Crypto industry says US is trying to ‘squeeze cryptocurrencies’

The continued failure of cryptocurrency companies to gain regulatory approval in the United States has led to a “pervasive belief” in the industry that the country’s financial regulators are reluctant to allow the industry to grow.

Electronic money

According to sources, U.S. financial regulators are passing a series of policies and “written and unwritten” regulations that make it “impossible or impossible” for cryptocurrency-related companies to do business in the country.

Kristin Smith, CEO of the Blockchain Association, compared:

“It felt like they were shaking hands and bombing the rug.”

The government has repeatedly denied being anti-cryptocurrency, but the actions of regulators in recent months, notably the U.S. Office of the Comptroller of the Currency, against the company’s implicated app paint a very different picture.

fund protection trust

The U.S. Office of the Comptroller of the Currency (OCC) recently rejected Protego Trust’s application, even though the company received conditional approval in 2021. The company wants to provide cryptocurrency custody services to institutional clients and has no intention of dealing with retail investors.

According to the report, Protego was “reverse engineered” to ensure it would be attractive to policymakers in Washington, D.C., and would have a smooth regulatory approval process. The company raised $80 million and quickly won conditional approval, helping them reach a $2 billion valuation.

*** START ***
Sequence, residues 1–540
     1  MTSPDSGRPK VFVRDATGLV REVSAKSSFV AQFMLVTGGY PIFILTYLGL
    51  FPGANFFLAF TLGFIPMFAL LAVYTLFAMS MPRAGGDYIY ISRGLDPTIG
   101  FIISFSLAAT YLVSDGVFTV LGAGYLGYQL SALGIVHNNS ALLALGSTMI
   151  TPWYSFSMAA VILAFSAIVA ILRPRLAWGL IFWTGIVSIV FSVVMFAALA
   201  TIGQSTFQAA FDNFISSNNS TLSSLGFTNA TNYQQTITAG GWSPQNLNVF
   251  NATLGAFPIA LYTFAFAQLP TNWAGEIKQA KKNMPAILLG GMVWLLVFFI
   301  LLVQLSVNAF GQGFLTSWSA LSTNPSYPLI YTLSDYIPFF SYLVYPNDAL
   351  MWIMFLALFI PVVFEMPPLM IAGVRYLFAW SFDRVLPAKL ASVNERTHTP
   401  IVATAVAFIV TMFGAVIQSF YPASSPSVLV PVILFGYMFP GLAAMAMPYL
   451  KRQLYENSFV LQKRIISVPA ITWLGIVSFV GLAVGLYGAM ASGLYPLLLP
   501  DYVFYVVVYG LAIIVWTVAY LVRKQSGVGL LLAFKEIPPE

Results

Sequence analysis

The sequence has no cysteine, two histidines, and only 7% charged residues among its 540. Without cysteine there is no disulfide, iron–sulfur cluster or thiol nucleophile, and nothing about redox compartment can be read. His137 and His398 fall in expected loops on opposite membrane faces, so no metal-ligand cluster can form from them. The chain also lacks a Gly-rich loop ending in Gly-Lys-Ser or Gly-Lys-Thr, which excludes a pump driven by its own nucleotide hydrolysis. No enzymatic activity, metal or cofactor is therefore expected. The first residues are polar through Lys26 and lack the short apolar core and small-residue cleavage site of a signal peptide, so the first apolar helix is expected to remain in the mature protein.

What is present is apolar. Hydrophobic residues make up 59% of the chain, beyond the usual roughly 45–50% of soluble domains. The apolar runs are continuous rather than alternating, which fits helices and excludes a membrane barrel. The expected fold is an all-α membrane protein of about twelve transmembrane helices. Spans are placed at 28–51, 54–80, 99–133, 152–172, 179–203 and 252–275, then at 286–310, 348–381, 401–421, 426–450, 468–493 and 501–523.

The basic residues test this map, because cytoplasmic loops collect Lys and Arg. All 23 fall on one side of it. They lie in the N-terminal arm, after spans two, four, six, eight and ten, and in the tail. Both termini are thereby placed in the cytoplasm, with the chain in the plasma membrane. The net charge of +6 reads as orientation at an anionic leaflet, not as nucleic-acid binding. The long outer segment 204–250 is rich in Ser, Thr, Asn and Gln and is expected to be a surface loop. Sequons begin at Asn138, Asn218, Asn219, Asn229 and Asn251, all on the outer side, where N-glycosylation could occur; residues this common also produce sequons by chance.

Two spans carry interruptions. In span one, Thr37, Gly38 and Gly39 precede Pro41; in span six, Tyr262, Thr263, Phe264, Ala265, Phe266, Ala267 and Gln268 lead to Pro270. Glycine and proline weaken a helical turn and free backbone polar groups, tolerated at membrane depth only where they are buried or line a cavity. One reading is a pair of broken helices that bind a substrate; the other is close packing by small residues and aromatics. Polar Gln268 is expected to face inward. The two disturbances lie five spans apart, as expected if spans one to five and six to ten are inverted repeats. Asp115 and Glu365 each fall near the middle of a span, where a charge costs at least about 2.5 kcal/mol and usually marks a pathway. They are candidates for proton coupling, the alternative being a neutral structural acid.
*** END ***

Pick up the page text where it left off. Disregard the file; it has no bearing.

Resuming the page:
However, the OCC rejected Protego’s application for a National Trust license in February, citing previously unmentioned “regulations” after completing all requirements for full approval in February.

Protego founder Greg Gilman said:

“In the end, it felt like an unannounced and inexplicable policy change derailed our efforts.”

While Protego was built to appeal to the regulatory environment, their experience is similar to that of most cryptocurrency-related companies trying to gain approval in the country.

Operation Chokepoint 2.0

Regulators’ negative attitude toward cryptocurrencies suggests a possible comeback for Operation Chokepoint, industry insiders say. It was an Obama-era policy aimed at killing certain politically unpopular industries, such as gambling, tobacco and pornography.

Under this policy, financial regulators judiciously teamed up to cut off industry access to banking services, citing an oft-arbitrary reputational risk. This practice continued until the U.S. Congress stepped in and created rules to ensure it never happened again.

However, the Biden administration has eased regulations since it took office, raising concerns that regulators are again trying to weed out unpopular industries from the banking sector. Among them, cryptocurrencies are the latest target.

Several members of the U.S. Congress recently wrote to prudent regulators highlighting such concerns and directing them to disclose all communications with cryptocurrency companies to investigate whether unfair practices are occurring again.

Meanwhile, the U.S. Congress recently held hearings for industry experts and players to address the myriad obstacles and setbacks in this regulatory process. However, lawmakers have yet to take any action.

According to the report, this view has also been recognized by observers in the political and legal circles.

A former management official asserted:

“It’s different from the original choke point because they’re very public about it — no one can guess their point of view. Another difference is that it’s actually wider this time around.”

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According to Cryptoslate

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